Much of the government in recent years from the post-Cory Aquino period has been ruled by a loose coalition of small and weak political parties, having failed to recover from the shock of their loss of cohesion after martial law.

Though the Liberal Party is in power, in point of fact, it is unlike its old precursor. The Nacionalista Party has practically been splintered among a number of groups. All other political parties appear to be small ones in search of alliance with others.

(3) Private contributions. The candidate who is most likely to win attracts the highest amount of private financing support. The added contributions to the campaign pot are largest when the prospects of victory are high.

In the elections of 2016, it appears a four-way close contest is emerging (leaving the fifth candidate with even much lower funding). Even then, all contenders will have different logistical and funding clout. This is so despite a difference in degree of financing support from private contributions.

The incumbent administration led by the Liberal Party candidates have the advantage of logistical control of the reins of government.

The Commission on Elections is making an attempt to track down candidate expenses and require candidates to submit reports of contributions and expenses for their campaign.

Even then, who contributes to which candidate could be kept a mystery by the candidates as long as possible. There are no limits to the amounts of contributions or on the nature of the contributions.

In this sense, private contributions in an election represent transactional contributions for protecting and enhancing programs of government that are favosred by the contributor.

This also includes the efforts of vested interests to align with their protectors and enhancers. The size of their campaign contribution could determine their clout and power relative to the candidate they support.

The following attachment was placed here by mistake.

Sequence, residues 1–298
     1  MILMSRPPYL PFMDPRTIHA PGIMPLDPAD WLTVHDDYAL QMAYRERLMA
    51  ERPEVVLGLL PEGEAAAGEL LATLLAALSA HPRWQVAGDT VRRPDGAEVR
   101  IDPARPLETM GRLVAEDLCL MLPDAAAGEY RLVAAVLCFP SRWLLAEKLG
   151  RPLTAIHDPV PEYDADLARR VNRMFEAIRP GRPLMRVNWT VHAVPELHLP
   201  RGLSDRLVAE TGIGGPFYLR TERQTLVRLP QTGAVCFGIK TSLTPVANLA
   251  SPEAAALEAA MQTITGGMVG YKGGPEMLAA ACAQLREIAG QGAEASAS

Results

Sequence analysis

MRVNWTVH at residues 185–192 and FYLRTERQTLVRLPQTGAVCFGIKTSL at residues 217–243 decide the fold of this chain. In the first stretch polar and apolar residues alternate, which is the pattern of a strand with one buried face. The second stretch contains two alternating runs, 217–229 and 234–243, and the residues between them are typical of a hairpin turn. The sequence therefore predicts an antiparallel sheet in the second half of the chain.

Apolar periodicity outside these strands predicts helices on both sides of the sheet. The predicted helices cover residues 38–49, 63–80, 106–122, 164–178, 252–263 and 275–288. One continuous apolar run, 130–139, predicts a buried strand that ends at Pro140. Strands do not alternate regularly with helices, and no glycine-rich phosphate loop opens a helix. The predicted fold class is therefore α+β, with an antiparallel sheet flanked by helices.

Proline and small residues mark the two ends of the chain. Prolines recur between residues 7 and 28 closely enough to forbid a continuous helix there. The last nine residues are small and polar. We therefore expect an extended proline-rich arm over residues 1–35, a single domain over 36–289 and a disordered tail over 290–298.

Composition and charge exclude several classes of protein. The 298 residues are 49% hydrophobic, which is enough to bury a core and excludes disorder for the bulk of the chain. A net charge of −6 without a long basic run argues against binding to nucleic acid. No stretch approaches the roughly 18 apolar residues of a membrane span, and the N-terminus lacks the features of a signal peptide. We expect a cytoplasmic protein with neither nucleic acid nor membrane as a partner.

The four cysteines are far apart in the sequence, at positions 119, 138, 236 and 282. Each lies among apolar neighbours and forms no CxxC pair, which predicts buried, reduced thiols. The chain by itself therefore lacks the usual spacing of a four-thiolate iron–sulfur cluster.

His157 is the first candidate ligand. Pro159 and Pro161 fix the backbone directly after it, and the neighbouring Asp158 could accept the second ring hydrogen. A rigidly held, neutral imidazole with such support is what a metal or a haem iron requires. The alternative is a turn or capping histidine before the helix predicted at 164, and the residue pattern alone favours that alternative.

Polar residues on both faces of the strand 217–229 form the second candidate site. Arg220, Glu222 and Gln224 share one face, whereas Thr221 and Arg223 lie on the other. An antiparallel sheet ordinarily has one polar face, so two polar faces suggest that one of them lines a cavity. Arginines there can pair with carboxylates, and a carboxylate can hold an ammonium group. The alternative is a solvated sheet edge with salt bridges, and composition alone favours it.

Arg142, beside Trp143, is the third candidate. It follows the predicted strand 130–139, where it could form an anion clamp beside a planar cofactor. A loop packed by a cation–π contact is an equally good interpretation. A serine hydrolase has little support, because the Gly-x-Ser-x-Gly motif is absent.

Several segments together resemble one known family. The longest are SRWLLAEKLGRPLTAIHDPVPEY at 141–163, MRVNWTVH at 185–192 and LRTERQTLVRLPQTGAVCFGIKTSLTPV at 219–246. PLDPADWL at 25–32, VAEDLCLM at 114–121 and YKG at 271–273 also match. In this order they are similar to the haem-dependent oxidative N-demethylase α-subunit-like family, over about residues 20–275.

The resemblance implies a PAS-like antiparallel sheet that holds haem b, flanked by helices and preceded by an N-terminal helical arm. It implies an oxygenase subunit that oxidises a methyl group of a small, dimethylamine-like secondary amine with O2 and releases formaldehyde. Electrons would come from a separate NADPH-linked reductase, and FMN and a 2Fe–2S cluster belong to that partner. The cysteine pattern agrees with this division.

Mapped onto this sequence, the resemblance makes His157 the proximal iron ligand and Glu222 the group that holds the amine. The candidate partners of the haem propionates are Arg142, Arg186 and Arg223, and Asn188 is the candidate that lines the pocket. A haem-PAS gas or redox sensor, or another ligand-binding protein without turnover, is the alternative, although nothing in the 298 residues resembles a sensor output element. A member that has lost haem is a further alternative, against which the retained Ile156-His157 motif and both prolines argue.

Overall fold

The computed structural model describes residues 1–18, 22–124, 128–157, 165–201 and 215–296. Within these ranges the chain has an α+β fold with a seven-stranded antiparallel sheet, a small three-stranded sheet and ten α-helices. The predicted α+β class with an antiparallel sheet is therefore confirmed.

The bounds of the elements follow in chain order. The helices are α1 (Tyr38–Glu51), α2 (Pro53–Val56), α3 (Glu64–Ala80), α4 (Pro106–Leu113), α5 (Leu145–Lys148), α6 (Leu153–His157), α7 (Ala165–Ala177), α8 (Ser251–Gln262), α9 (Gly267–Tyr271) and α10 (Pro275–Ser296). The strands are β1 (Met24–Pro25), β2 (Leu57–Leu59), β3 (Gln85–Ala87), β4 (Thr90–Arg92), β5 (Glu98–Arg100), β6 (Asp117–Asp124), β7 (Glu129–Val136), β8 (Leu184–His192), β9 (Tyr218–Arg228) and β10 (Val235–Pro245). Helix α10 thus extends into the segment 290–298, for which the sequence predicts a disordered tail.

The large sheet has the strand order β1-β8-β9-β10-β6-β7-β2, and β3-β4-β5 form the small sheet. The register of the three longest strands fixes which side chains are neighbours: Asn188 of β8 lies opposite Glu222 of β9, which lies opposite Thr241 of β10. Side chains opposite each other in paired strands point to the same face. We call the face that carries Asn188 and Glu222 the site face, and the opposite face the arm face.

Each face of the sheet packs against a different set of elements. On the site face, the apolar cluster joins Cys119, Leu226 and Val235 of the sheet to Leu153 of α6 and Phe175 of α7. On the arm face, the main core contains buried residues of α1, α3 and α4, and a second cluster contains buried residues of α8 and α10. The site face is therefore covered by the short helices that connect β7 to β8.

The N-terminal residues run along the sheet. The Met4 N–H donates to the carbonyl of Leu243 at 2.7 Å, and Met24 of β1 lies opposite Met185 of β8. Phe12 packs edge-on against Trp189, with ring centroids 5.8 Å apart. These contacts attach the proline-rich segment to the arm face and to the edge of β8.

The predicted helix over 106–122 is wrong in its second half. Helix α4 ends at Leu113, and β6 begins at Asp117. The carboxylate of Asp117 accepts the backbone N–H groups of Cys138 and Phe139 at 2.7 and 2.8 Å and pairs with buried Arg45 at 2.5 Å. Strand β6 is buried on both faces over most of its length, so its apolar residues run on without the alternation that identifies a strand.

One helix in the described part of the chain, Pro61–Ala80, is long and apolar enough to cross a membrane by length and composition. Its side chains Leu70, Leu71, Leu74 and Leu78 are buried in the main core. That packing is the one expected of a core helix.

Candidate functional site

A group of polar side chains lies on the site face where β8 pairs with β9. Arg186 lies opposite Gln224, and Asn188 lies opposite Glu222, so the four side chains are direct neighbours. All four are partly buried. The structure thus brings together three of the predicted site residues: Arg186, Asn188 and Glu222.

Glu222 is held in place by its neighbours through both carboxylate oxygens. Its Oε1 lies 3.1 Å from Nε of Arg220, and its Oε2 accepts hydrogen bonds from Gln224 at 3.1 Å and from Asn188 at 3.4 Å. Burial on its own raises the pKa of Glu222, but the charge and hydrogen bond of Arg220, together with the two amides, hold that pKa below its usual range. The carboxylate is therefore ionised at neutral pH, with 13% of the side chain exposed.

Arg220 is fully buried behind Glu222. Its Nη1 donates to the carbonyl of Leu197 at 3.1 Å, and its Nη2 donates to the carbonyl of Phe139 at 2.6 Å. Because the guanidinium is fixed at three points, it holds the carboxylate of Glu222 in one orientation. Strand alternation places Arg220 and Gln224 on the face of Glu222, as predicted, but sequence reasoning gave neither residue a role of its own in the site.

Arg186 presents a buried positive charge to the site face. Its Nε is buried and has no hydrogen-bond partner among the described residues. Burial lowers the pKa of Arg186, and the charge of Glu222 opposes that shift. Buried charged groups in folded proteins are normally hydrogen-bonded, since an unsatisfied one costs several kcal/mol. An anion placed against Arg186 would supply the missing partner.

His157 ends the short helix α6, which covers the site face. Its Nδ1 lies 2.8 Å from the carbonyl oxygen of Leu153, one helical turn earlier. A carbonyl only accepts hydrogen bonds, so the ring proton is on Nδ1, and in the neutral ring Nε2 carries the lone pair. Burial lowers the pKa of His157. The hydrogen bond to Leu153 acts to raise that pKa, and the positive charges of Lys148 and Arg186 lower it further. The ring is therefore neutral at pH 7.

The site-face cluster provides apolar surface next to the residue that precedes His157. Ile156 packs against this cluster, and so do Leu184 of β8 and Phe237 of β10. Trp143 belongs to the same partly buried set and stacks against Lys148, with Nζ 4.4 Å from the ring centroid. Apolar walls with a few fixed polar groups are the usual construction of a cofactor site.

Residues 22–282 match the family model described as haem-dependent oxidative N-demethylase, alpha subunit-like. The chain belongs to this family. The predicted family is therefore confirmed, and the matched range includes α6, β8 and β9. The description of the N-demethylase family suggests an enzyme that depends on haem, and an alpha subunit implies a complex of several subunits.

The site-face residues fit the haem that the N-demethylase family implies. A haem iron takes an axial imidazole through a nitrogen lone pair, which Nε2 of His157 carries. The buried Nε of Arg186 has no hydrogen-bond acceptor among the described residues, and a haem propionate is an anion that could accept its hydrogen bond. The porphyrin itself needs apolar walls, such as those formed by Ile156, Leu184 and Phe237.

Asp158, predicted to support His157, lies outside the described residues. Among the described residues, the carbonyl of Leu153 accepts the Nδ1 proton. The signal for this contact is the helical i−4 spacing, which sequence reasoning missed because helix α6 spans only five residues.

The possibility the contributors to the campaign of a candidate could lead to the capture of specific economic and social policies is highly likely when the elected leader is weak and subject to manipulation by the significant political contributors.

(4) Graft and corruption. Graft and corruption is not a legitimate source of financing of elections. When corruption is an endemic practice in the day-to-day life of a nation, as it appears to be in this country, the chance that elections are also financed by corruption is ever-present.

Indeed, cases of graft and corruption have figured seriously in past elections, and this year’s election is no exception.

Practices in government, the exercise of power and lack of sufficient check and balance, all these contribute to the lingering practice that is corruption in government.

Money accumulated in the past becomes wealth and income in the present. If it came from corruption then, it reflects a continuity of a practice that needs reform.

Even as corruption could be a source of financing candidates, one wonders if there are also other forms of illicit and illegal sources of campaign contribution.

The reported prevalence of import smuggling and the suspected association of such practices with corrupt agencies of the government would suggest that dirty money is also financing some candidates.

If that is so, are drug and any other dirty moneys far behind?